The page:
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                • #9
                  A simple answer could be that it's tradition and that tradition was established by kindred thousands of years ago because they wanted to keep Toreador at the level of society, have established a position of advantage for themselves. Maybe they'd have done the same to more clans if they could. The rationalisation of that would be more complicated; I'm guessing it has something to do with what they did with humans. Then a meta reason is that it's fun to mix up the statuses of different clan across cultures to create new roles. It's like what Dizzy says about Rio in Camarilla (V5):

                  "The Lasombra control the clubs, the high life, the tourist scene, the beaches. The Toreador are in the favela, the shanties, scrumming around with the beggars on the streets. Doesn't that just seem crazy to you?"

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                  • #10
                    I doubt it has anything to do with any mortal caste system or with artists, since most Toreador are more appreciators of art than artisans themselves. But we know the vampires have traditionally had their own system, and one of the ways they’ve dealt with their state was to rationalize it in terms of karma and Maya and other philosophical concepts that helped them feel more detached from what they were and what they had to do (and how in mortal terms that ought to make them the lowest of the low). So perhaps the Toreador tendency to get caught up in the illusion is seen as beneath the Ravnos ability to master the illusion (conveniently, in the system the Ravnos probably devised).

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                    • #11
                      Thanks all of you for your answers; they are very interesting and useful.


                      "No, no, don't look any further, my profile is actually more handsome than me"

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                      • #12
                        My own head canon is that India's vampires - and I mean that in the general sense of it's Hindu aspects; certain other groups may have developed different ideas - believe themselves to be Rakshasa, created by the breath of Brahma at the end of the Age of Truth only to instantly be consumed by an insatiable bloodlust and attempt to devour their creator. Vishnu came to Brahma's aid and banished the Rakshasa to earth. (Since there are 13 clans, when vampires tell this story, it's obviously meant to imply that it's 13 Rakshasa who get banished to earth and each starts a clan.)
                        By the time the world rolls around to the era of the Ramayana and Mahabharata, there are a lot of Rakshasa running around, some good, some evil. They're seen as powerful warriors, skilled magicians, and master illusionists and shapeshifters. Some are very monstrous looking, with huge fangs and claws, glowing red eyes, and the like. (And yes, all of this is implied to derive from the various vampire disciplines - the physicals, blood magic, Auspex, Chimerstry, Obfuscate, Protean, Vicissitude - and from certain clan weaknesses (Nosferatu, Gangrel, and Cappadocian, among others).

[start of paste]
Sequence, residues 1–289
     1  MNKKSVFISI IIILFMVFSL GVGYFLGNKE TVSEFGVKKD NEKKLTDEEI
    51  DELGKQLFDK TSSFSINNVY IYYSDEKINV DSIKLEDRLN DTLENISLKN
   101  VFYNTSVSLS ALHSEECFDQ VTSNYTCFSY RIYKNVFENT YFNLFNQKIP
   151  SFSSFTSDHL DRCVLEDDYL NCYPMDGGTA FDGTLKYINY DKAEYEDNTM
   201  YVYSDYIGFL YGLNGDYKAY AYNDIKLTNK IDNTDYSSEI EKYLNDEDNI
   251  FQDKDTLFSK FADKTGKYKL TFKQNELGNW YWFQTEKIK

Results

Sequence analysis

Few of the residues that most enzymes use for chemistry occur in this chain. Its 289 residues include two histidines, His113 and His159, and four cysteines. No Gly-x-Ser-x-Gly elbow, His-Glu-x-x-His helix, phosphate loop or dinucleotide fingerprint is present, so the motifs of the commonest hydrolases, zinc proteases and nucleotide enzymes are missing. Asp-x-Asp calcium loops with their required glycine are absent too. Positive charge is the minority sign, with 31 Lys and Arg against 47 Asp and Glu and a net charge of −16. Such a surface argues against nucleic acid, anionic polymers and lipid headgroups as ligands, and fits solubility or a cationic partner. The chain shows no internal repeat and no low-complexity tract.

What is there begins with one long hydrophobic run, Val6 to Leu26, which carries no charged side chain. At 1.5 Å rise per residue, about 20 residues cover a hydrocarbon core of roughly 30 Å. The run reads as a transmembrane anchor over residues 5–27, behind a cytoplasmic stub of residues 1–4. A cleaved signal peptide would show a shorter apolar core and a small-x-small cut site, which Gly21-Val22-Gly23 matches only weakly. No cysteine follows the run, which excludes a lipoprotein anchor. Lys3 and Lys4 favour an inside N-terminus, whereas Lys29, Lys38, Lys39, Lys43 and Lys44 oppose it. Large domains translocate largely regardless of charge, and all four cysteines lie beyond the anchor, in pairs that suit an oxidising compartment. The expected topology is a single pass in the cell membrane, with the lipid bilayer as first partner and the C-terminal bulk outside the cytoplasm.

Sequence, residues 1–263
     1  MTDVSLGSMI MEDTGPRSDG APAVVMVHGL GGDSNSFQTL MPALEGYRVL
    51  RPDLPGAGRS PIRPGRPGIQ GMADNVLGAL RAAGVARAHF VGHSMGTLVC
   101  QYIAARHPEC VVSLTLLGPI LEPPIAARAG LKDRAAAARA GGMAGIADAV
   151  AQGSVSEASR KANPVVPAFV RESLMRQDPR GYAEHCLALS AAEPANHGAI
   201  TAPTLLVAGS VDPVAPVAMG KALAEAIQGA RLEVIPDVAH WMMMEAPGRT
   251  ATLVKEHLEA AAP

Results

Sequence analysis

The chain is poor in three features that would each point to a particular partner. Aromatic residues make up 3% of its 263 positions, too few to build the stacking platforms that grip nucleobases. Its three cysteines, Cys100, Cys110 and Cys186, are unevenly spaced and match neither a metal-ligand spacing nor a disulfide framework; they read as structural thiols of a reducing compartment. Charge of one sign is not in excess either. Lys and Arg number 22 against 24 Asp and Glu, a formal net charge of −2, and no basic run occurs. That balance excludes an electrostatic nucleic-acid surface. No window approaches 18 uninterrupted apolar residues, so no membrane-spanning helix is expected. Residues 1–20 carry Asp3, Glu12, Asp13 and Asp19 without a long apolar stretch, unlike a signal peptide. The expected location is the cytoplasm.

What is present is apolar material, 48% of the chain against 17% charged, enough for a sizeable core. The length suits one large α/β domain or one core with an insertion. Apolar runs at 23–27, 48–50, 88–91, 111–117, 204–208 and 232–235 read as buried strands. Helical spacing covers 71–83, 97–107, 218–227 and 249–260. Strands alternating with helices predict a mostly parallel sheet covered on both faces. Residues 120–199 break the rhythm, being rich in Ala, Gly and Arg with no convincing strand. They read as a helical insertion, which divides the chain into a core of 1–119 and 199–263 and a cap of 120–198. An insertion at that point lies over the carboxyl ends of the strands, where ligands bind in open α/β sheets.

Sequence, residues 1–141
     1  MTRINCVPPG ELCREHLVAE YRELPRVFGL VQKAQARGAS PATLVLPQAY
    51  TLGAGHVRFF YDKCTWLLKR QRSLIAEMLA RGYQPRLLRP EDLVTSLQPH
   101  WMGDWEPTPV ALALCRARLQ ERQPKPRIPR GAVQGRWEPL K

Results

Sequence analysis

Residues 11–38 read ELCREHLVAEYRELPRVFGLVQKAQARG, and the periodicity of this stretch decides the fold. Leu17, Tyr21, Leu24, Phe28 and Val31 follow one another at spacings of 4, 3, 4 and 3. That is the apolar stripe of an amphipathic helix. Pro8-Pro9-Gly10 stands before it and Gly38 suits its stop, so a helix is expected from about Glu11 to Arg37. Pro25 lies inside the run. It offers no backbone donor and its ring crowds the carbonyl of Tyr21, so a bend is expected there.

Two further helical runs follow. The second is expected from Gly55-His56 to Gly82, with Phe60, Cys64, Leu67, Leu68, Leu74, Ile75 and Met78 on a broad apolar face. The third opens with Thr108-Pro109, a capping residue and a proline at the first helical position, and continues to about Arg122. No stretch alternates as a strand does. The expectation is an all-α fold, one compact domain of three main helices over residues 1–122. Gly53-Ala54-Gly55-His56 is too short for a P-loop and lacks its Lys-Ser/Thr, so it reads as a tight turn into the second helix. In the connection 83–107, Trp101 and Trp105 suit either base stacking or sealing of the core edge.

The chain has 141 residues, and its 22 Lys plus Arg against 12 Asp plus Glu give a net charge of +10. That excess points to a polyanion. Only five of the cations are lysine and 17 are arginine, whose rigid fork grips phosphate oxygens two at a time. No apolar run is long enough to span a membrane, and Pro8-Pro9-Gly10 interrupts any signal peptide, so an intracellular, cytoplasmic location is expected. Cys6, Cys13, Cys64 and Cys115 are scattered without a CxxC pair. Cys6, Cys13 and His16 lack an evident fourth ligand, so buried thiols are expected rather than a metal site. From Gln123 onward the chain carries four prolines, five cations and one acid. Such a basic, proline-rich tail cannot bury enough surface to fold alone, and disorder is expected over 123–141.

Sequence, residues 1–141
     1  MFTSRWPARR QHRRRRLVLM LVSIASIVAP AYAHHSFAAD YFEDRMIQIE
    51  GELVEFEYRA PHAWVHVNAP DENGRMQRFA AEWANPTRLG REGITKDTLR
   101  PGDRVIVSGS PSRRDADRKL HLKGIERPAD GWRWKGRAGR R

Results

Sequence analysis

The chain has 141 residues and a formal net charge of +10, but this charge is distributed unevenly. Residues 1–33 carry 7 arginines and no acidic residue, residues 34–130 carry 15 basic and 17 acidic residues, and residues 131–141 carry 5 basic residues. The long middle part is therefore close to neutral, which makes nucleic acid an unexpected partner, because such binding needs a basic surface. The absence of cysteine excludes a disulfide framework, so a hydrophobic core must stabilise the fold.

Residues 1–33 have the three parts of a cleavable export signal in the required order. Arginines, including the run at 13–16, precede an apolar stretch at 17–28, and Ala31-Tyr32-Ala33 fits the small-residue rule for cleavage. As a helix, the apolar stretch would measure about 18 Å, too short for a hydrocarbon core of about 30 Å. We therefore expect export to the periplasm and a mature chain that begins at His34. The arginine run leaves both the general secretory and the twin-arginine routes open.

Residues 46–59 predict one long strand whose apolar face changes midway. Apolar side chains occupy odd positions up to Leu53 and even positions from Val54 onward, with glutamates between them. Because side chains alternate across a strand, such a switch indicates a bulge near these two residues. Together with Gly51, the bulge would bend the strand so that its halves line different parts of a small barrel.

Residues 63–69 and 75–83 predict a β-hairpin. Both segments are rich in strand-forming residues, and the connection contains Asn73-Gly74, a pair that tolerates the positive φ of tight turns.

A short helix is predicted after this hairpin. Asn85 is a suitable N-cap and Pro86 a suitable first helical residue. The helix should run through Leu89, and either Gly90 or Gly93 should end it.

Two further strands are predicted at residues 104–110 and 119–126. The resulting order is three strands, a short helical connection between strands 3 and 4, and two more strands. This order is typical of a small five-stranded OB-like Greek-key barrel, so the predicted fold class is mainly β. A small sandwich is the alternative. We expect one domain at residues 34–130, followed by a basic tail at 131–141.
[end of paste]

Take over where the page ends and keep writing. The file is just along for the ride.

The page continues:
And this era introduced two rival Rakshasa who'd become the role-models for most of their kind going forward. One of those was Ravana, bloodthirsty and wicked; the other was his brother, Vibhishana, noble and righteous. Those who follow the way of Ravana are monsters, somewhat akin to the Western Sabbat, both in behavior, skewed morality, and their devotion to their own religious rites. Those who follow the way of Vibhishana, are - at least in their own eyes - civilized, somewhat akin to the Camarilla (and in the modern nights, the Camarilla effectively - if a little patronizingly - consider their courts to be the Camarilla of India). Because of their efforts to be, if not righteous, at least moral, they try to adhere to the ideals of the Purusartha, or ideals of human pursuit, as adapted for vampire existence. These include dharma (behavior in accord with the right way of living), artha (pursuit of material prosperity), kama (sensual pleasure), and mocsa (liberation from the sorrow and suffering that comes with the circle of life, death, and rebirth). This isn't a Path of Enlightenment or anything; it's just how they tend to approach Humanity and what it means.
                        The Rakshasa traditionally try to adhere to a form of the Hindu caste system, although one that is more focused on the vampire needs of where and from whom one feeds, where one establishes their domain and areas of influence among mortals, and from what groups one is usually allowed to choose possible childer from. But ultimately, this system is less a matter of trying to follow or mimic human culture or social systems than it is a practical effort to cut down on the number of potential fights and struggles between the region's vampires over these issues. This system is significantly less stable and adhered to in the modern era than it was before the disruptions of British conquest and modern political upheavals.